“You’ve given it to the right person, then,” said his girlfriend; then he smiled a toothless smile as dessert arrived – flambéed bananas drowned in rum.
Peruvians are said to drink alcohol before they do any hard physical labour. Our porters had been carrying far more weight than us in far less time, with what seemed like superhuman strength. I’d heard that they got their energy from a mix of coca leaf and 60% proof aguardiente.
“No, that’s not true,” said our guide, who used to be a porter himself. “People working in the fields will drink chicha and sambuca, but porters just drink water from the stream.”
That night, he told us how his grandfather was once chased by spirits on his way home across the mountains after drinking with friends.
“He hid in a bush, defecated, then rubbed the shit all over his face to protect himself from the ghosts.”
I refrained from making any “shitfaced” jokes.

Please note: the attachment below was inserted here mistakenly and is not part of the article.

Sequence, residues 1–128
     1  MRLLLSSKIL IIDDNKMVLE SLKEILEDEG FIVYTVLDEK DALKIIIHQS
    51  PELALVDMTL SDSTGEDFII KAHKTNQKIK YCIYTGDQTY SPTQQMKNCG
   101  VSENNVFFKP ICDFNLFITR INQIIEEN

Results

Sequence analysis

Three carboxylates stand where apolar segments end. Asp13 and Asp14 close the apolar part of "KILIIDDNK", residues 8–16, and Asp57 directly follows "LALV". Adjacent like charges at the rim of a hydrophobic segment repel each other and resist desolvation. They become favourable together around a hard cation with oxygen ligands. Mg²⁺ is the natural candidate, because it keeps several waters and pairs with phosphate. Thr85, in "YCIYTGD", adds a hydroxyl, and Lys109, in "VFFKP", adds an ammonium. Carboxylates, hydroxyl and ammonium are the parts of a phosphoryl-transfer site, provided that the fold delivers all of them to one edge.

The next morning at Machu Picchu’s Sun Gate, we watched the first rays of sun slowly reveal the ruins, then made our way down to Intihuatana, the secret citadel’s famed sundial. In 2000, a crew filming an advert for Peru’s largest beer company, Backus and Johnston, smuggled a crane into Machu Picchu at dawn, after the authorities had prohibited its use. The crane collapsed on Intihuatana, breaking off a piece the size of a ballpoint pen.
“They’ve struck at our most sacred inheritance,” Peruvian archaeologist Federico Kaufmann Doig told media at the time.
The insults continue. As I tried to photograph Intihuatana, I found the sunlight blocked by a fat tourist in a Cristal beer T-shirt. Cristal is made by Backus and Johnston.
But Machu Picchu was never sacrosanct from alcohol. The Incas brewed vast amounts of chicha for ceremonial consumption, and evidence has been found that it was also brewed at Machu Picchu. Bingham theorised that Machu Pichu was a sanctuary for the Incas’ Virgins of the Sun, since most of the remains found there were female. Whether the chicha was brewed by beautiful virgins is another Machu Picchu mystery yet to be solved.